We use this characteristic to construct a series of wavelets covering the whole frequency range of our input signal, where special attention needs to be paid so that each stretched wavelet spectra touch its neighbors as shown in Figure 1 (see inset photo, above right).

In practice, it is impossible to cover all spectrum of an input function down to zero. The most elegant solution resulting in applicable wavelets is to stop stretching the wavelet once the open hole is small enough and then fill it with a so-called scaling function.

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Pulsed Interference Mitigation by Wavelets
Now that we have defined the prerequisites for Wavelet analyses, we would like to return to our original approach to identifying and mitigating medium to low pulsed interference by means of wavelets.

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Step 1  — Discrete Wavelet Transformation. The first step towards correctly identifying pulsed interference uses a discrete wavelet transformation, with a complete manifold of potential wavelet mother functions. For the best results — that is, those yielding both the highest correlation between the pulsed interference and the wavelet, as well as the lowest correlation between the wavelet function and the GNSS plus noise signal — an optimization could be carried out …

Step 2 – Exact Pulse Position in Time. With appropriate knowledge of the expected pulse duration, a constant windowing function g(t) is generated and correlated with the approximate scale coefficients. This determines the correct time location of the pulse within the IF samples … where an easily distinguishable local maximum is obtained in the pulse-present case …

Step 3 – Pulsed Interference Excision. After correct identification of the pulse in the time domain, we perform a pulse excision by modifying the affected approximate and detailed scale coefficients, cA and cD. After comparing potential solutions by modifying the scale coefficients, the classical blanking approach still shows best performance.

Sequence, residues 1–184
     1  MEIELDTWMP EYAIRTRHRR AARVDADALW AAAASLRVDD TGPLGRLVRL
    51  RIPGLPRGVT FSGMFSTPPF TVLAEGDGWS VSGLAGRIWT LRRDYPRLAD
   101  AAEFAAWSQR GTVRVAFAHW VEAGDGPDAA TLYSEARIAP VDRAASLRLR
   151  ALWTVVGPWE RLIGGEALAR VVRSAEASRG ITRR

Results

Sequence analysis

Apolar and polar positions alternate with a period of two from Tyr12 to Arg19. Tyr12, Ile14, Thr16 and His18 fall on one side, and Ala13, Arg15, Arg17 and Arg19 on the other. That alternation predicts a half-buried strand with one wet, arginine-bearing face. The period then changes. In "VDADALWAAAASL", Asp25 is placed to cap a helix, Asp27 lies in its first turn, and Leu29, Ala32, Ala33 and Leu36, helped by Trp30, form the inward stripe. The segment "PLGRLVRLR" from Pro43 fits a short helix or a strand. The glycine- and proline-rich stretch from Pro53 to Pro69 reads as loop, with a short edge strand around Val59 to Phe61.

Step 4 – Inverse Discrete Wavelet Transformation. In the final step, we apply an inverse discrete wavelet transformation in order to regain the original IF samples after eliminating the samples affected by pulsed interference.

Low Power DME Interference Mitigation
Distance measuring equipment employs a transponder-based radio navigation technology that measures distance by timing the propagation delay of radio signals. DME pulsed interference is to be expected in the 1151–1213 megahertz frequency range when operating in X mode, thus affecting the E5/L5 band.

. . . While the wavelet-based interference mitigation approach has been outlined earlier for high-power pulses, here, we assess the performance of these algorithms for the case of low-power interference. We use a standard pulse interval of 12 microseconds between the two DME single pulses, while we consider a repetition rate of about 2,700 pulse pairs per second (pps) at the upper limit of the DME specifications.

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Performance Assessment of Wavelet-Based Interference Mitigation
Now that we have demonstrated the capability of wavelet techniques to detect interference, we will apply the mitigation approach and assess its performance. We evaluate the mitigation approach, for both the case of the high-power pulsed interference scenario as well as for low-power DME pulsed interference.

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Wavelet-Based Interference Mitigation vs. Pulse Blanking